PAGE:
In 1981 Rolex GMT introduced the new version of the Rolex GMT Master, the Rolex GMT Master II with the reference 16750 and updated and featured the new Rolex calibre 3075 movement. The new GMT Master had upgraded water resistance from 50m in the initial models to 100m, and the case was slightly adjusted. Rolex continued production of the original version through until the late 1990s alongside the new version.

Moving into 1983 Rolex introduced the GMT Master II with ref, 16760 and featured a red and black colour gradient on the bezel depicting day and night hours, red representing daylight hours and black representing night hours, it allowed the wearer to quickly see if it was day or night in the secondary time zone. The Bezel was referred to as the “Coke” bezel due to the colours of red and black being similar to the colours on the Coca Cola cans at the time. The reference 16760 earned the nickname “the fat lady” as it had a larger case than its predecessors and was the first GMT to feature a sapphire crystal, a welcome update to the previously scratch prone acrylic previous versions. Rolex spent a lot of time developing new technological advances to bring out the newer versions of the GMT in 2005, these included Rolex’s patented Parachrom hairspring manufactured from anti magnetic material and is highly resistant to shock:

Other technological advances for the GMT included the larger triplock crown which was originally featured on Rolex’s diving watches. Rolex also introduced the patented Cerachrom bezel which is an extremely hard scratch resistant material which will also not fade over time.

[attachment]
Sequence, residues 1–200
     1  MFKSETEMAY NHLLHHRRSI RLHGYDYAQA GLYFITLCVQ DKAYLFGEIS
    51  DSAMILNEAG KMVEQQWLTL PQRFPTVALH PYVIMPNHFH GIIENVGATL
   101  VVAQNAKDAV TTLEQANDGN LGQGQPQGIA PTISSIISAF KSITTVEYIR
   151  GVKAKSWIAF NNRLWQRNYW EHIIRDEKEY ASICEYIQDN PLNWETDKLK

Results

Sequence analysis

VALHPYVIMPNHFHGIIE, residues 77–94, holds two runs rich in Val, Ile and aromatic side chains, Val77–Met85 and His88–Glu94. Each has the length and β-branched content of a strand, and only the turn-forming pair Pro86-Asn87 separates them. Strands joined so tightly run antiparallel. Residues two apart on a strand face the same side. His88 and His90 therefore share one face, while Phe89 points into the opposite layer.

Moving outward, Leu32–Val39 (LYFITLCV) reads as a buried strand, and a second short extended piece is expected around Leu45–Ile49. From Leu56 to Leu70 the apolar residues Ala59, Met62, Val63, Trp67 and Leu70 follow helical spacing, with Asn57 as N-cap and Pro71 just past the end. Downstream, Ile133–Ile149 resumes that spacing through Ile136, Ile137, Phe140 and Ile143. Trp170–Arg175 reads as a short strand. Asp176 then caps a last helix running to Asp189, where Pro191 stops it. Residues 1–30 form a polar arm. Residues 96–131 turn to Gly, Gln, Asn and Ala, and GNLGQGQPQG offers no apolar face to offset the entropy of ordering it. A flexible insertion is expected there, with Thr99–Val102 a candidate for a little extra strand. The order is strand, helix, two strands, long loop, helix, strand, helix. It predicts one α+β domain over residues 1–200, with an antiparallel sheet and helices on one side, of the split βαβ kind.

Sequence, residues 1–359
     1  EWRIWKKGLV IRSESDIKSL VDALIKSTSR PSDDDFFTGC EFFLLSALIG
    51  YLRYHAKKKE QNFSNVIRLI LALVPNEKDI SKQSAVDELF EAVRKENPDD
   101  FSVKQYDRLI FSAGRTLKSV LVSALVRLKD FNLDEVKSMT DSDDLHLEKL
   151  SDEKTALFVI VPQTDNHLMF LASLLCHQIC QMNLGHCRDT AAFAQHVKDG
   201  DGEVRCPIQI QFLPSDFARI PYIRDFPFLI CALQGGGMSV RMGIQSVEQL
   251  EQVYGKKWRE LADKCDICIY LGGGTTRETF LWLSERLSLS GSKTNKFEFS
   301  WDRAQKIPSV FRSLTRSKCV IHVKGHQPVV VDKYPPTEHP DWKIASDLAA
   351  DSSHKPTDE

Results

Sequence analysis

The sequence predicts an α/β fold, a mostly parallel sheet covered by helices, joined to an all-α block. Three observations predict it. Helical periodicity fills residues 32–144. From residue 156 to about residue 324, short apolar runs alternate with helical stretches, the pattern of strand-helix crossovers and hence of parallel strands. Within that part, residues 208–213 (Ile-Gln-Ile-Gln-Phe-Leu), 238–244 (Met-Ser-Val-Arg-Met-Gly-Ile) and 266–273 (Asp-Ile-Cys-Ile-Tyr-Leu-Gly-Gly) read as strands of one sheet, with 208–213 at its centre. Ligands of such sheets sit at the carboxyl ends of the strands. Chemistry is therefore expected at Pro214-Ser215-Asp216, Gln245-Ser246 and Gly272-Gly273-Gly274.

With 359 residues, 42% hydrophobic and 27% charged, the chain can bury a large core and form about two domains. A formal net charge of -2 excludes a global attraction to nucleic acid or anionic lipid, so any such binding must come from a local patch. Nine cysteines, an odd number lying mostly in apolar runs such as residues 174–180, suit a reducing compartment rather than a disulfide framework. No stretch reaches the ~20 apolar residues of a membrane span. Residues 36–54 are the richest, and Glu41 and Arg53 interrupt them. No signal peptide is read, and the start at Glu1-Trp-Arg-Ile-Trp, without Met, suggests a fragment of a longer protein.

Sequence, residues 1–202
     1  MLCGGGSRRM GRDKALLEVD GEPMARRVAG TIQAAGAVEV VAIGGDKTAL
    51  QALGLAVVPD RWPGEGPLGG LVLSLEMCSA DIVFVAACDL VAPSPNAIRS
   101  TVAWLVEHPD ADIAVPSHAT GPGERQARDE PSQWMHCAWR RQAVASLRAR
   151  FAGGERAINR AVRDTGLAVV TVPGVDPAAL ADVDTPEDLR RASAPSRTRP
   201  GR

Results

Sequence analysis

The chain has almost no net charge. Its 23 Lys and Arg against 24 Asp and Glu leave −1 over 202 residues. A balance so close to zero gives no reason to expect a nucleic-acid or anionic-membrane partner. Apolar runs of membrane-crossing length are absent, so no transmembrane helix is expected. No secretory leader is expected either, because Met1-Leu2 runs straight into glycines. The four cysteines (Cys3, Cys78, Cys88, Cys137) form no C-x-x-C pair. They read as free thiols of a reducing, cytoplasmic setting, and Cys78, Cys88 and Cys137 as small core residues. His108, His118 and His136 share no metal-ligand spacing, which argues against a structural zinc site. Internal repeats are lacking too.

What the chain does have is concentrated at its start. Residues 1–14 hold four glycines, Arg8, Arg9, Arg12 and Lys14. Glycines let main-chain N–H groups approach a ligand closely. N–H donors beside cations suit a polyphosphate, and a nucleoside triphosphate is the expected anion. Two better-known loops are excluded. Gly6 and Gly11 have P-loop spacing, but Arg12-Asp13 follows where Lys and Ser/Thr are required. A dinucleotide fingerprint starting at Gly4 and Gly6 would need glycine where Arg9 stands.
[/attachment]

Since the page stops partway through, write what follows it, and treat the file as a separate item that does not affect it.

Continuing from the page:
Into 2007 Rolex introduced the GMT Master II ref 116710 (the reference I personally own and love) on this version new features included the anti-reflective coating on the cyclops lens, a green GMT hand, numbers on the dial made from precious metal and the new 3186 movement.

In 2018 the world went crazy for the latest release of the Rolex GMT Master II with the reference 126710 BLRO, incorporating the “Pepsi” bezel (nicknamed due to the colour of blue and red matching the Pepsi brand) and also the Jubilee bracelet. The GMT Master II started out as a tool watch for pilots but as the world becomes a smaller place with the advent of faster aviation travel this watch is appealing as a tool watch to a much wider audience and the functions are used by many as they were intended.

But whether you are travelling the world or just sat in a home office, the Rolex GMT Master II will not disappoint and sits well within any watch collection. One of my favourite watches ever produced and I am looking forward to the announcements from Baselworld 2019. My predictions for this are nothing more than a movement update for the GMT in 2019 and something big for the Rolex Submariner, what you ask, not sure yet but I will make my predictions at some point soon.


If you are interested in learning more about Rolex I highly recommend this book

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Thank you

Lee Scott

Founder Vulcan Watch Straps